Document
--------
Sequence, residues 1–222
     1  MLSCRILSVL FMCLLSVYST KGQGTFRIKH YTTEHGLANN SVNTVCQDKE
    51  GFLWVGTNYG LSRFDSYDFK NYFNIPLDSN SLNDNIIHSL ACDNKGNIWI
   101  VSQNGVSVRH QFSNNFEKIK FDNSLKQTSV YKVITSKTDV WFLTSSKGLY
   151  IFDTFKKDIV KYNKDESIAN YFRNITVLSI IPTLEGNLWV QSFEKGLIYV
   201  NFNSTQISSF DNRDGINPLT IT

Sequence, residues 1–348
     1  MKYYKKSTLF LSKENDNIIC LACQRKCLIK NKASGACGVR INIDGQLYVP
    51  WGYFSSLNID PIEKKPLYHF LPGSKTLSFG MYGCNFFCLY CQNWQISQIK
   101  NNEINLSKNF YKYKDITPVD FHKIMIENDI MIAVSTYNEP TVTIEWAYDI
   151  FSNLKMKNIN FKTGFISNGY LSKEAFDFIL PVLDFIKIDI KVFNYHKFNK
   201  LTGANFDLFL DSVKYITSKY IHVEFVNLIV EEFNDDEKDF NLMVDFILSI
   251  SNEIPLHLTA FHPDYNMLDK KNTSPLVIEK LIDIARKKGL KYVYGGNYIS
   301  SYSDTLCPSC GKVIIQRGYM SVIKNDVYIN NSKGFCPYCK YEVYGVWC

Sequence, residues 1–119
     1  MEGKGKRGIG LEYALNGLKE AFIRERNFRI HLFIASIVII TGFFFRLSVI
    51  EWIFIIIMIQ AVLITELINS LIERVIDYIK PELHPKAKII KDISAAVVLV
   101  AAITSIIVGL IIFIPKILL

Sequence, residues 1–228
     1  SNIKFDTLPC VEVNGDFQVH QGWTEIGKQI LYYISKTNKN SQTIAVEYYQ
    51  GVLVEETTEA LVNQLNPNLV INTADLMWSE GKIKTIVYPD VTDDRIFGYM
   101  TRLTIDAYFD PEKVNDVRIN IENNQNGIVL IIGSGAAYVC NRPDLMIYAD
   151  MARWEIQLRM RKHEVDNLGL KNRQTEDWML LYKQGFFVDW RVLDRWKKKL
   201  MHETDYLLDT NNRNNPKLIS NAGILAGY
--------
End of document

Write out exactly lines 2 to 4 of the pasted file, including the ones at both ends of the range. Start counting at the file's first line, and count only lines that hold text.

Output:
     1  MLSCRILSVL FMCLLSVYST KGQGTFRIKH YTTEHGLANN SVNTVCQDKE
    51  GFLWVGTNYG LSRFDSYDFK NYFNIPLDSN SLNDNIIHSL ACDNKGNIWI
   101  VSQNGVSVRH QFSNNFEKIK FDNSLKQTSV YKVITSKTDV WFLTSSKGLY